Casey, my founding partner at Robot Invader, is a huge Dark Souls fan. So are a number of my friends. Many designers I respect immensely have told me that they consider Dark Souls to be one of the best games ever made. People talk about it with such reverence, I feel like I am missing out. But every time I’ve tried to play the game seriously, I’ve felt that I was wasting my time.
The problem isn’t the difficulty. Dark Souls is incredibly difficult, but I’m sure that, with time, individual enemy encounters become more manageable than they are in the early game. One should at least become proficient with the combat system and controls, and can eventually upgrade stats and weapons. Combat might not be easy, but over time it probably seems less random. I am cool with that–I have enjoyed some pretty hard games that worked much the same way in the past. I am proud to have finished God Hand, Devil May Cry, Catherine, Siren, and the arcade version of Strider on less than $2, way back in the day. Once I did a zero continues run of Resident Evil 4. It could be that Dark Souls is just too hard for me, but I don’t think that’s the real issue.
Even after playing for what seems like a long time, I’m absolutely unable to make any progress. Perhaps I’m just playing it wrong. Maybe I’ve made some grave error in my perception of how this game is to be played, and because of that I’m making it much harder on myself than it should be. Is the first boss supposed to take 100+ attempts? Or did I screw up somewhere?
The feeling of wasting my time comes from the basic sense that I’m zigging when the game expects me to zag. This is reinforced by the occasional discovery that I have be doing it all wrong. For example, early in the game your character is told to that they can go “up or down,” but that up is the easier path. The path downwards, a series of winding stairs heading straight into the face of a cliff, is easy enough to find. The path upwards is a small staircase placed at the side of a cliff that I completely missed my first time through that area. I missed it the second time, too. And about fifty other times. I explored the area and the only other place to go, other than down, seemed to be through a graveyard into a cave. I spent a few hours trying to fight my way into that cave, and eventually made it, only to be killed immediately by even more powerful enemies. Skeletons in Dark Souls are no joke.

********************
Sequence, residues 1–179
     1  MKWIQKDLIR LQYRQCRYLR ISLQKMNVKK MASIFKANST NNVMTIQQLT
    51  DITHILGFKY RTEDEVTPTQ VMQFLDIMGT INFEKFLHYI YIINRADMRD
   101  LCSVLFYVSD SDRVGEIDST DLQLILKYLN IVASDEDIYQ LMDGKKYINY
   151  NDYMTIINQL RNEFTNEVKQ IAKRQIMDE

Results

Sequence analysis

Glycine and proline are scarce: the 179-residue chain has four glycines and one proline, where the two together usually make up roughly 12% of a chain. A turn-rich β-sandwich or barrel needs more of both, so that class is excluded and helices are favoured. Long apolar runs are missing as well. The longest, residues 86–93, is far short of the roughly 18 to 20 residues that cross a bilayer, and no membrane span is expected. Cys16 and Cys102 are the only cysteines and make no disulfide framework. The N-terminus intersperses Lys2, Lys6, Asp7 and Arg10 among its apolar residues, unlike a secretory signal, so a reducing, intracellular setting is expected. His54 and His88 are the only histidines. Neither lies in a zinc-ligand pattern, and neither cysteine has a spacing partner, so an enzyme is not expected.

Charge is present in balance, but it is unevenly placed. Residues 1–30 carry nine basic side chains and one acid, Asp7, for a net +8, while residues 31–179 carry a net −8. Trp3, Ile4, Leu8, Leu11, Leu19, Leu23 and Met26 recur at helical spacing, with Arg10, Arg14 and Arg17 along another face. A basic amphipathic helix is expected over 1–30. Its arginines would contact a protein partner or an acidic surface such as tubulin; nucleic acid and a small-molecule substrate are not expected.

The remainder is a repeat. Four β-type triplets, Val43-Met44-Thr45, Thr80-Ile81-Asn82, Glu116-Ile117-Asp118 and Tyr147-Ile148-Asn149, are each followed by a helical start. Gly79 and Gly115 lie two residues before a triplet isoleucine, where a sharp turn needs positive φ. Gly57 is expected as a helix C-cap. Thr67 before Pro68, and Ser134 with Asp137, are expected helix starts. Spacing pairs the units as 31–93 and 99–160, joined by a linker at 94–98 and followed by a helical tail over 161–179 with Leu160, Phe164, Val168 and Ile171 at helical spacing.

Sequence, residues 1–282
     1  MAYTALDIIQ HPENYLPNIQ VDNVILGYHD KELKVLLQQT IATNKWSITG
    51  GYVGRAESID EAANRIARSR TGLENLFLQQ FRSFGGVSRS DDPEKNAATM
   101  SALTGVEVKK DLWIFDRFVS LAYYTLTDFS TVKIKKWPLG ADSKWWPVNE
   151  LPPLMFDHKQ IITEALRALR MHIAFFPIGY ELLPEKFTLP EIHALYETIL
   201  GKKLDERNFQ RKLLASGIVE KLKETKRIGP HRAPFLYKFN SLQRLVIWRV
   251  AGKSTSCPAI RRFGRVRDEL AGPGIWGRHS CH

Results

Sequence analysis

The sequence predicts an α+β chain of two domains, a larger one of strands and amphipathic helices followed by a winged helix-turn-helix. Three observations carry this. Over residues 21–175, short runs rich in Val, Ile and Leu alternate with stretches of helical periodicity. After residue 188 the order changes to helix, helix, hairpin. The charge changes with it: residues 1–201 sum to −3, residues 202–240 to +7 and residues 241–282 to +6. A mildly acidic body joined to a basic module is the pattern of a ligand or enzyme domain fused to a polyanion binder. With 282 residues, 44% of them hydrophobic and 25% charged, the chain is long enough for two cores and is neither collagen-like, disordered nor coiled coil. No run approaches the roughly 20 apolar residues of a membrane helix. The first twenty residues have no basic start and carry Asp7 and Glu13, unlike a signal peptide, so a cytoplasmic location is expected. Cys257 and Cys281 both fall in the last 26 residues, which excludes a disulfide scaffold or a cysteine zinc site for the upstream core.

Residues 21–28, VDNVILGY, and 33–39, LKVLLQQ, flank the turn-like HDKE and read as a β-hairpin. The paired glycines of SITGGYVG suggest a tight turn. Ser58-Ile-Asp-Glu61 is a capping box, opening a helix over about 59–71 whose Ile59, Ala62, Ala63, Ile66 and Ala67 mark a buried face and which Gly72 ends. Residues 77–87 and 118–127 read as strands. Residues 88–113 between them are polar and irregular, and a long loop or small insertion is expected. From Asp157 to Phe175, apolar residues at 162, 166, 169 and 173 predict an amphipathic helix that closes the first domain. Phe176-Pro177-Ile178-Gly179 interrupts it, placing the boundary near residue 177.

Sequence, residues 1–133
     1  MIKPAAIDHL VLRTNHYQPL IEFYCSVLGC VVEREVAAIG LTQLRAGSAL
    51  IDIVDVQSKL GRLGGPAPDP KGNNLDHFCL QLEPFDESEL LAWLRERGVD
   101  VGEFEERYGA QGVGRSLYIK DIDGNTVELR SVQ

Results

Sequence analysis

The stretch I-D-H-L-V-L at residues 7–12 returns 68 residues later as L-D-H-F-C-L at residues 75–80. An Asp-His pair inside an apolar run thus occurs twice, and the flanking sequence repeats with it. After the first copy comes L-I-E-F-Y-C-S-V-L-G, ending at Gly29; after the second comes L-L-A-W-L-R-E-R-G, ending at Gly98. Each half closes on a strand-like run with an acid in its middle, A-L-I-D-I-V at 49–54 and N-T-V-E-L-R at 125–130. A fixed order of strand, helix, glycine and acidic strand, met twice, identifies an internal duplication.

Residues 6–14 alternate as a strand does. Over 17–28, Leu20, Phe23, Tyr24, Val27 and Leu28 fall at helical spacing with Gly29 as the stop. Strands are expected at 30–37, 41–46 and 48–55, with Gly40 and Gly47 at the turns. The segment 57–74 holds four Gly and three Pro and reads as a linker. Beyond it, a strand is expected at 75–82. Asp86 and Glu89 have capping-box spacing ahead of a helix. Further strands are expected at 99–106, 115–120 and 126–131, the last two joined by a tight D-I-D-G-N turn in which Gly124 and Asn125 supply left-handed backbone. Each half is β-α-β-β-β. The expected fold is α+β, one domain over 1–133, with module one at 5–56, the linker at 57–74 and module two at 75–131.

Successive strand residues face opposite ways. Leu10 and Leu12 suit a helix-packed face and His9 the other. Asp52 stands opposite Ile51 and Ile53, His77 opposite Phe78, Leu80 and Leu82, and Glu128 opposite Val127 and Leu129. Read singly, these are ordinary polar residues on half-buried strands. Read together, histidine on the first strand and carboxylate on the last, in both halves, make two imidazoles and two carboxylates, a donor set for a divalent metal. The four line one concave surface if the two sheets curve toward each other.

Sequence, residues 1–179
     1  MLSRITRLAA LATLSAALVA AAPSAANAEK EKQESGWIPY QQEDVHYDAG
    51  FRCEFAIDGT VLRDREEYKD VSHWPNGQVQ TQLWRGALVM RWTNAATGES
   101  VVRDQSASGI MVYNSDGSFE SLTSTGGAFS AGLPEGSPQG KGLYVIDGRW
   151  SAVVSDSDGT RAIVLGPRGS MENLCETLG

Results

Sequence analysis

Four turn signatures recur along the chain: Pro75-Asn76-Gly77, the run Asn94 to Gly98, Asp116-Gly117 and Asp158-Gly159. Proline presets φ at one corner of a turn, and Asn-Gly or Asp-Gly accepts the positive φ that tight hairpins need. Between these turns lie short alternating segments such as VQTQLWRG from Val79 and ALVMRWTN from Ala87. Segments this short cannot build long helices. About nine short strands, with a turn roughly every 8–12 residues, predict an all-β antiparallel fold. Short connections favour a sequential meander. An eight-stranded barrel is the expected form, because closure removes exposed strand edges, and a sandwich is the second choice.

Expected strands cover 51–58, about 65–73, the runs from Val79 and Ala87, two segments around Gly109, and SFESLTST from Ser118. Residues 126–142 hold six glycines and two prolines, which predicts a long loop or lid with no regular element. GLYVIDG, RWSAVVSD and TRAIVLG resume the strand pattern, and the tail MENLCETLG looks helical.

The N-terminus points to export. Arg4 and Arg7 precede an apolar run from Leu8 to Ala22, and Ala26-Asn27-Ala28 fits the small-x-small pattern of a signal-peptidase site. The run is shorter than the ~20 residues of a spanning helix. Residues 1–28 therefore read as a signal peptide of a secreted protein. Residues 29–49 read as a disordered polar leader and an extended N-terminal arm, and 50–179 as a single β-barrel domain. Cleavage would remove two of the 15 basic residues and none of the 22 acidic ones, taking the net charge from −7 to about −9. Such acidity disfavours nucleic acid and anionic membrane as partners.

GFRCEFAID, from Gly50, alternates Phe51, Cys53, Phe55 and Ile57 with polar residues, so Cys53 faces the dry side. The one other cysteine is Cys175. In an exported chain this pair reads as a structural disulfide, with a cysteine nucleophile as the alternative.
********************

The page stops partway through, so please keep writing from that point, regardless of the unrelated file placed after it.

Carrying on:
“Don’t go that way,” Casey said, when I asked him about it.
I eventually found the way up, and breezed through the next area until I reached a boss, whom I’ve been unable to defeat in the subsequent 10-odd hours of play.
“You’ve just got to get better,” Casey said. “That’s the fun part.”
But better at what? Combat? Better weapons? Better stats? Better at finding my way through the map?
The real issue, I think, is the way the game refuses to give the player feedback about their decisions. The rules are complex and the path to the goal is intentionally obfuscated. Am I going the right way? Which character type should I choose? Which gift? Which stats should I upgrade? Should I upgrade all my stats little by little or pour all my points into one or two abilities? Am I meant to come back to this area later or have I just missed some trick to completing it? Should I spend humanity points or hoard them for later? My experience is that the play outcome for me, for all permutations of the above questions, is the same: I die in the same spot over and over and over again. It doesn’t seem to really matter which choices I make; maybe it will matter 60 hours in, but at the 15 hour mark the complete lack of feedback from any of the decisions I’ve made leads me to feel that they are pointless.
There are other hard games that refrain from holding your hand as you play. I think pretty much everybody hit a shelf moment when they encountered the very first lava spider boss in Devil May Cry. You’re meant to figure out that you need to grind for upgrades, or simply become incredibly good at playing, or select the easy mode. That boss is a forcing function: you learn how to play or you adjust the difficulty or you quit. And once you’ve passed this moment, you have a better idea of what is expected of you as a player, and the game now knows something about how you choose to play. But a lot of people I know just gave up at that point. Siren is another hard game that does a terrible job of telling you the “correct” way to play, and you can get lost for hours on end, making no progress whatsoever, until it clicks. When it does, it’s an amazing game. But a lot of people quit long before they get there.
I’m ready to believe that there is a threshold of understanding to Dark Souls, and surpassing it makes a number of unanswered questions clear. That inflection point probably makes it more clear what the game expects of you, and you can start to strategize and make informed decisions. But until you reach that point, you’re flying blind. Dark Souls isn’t going to tell you if you’ve chosen the easy road or the hard road, or even if you’re on a road that is going anywhere at all. It’s not going to tell you if your approach is advantageous or problematic. It’s not going to tell you what it expects you to do.
So, I guess you can stick around long enough to figure it out, or you can become frustrated with the absolute lack of progress or feedback and quit. After 15 hours of feeling like I have no idea what I am doing and am wasting my time, I quit.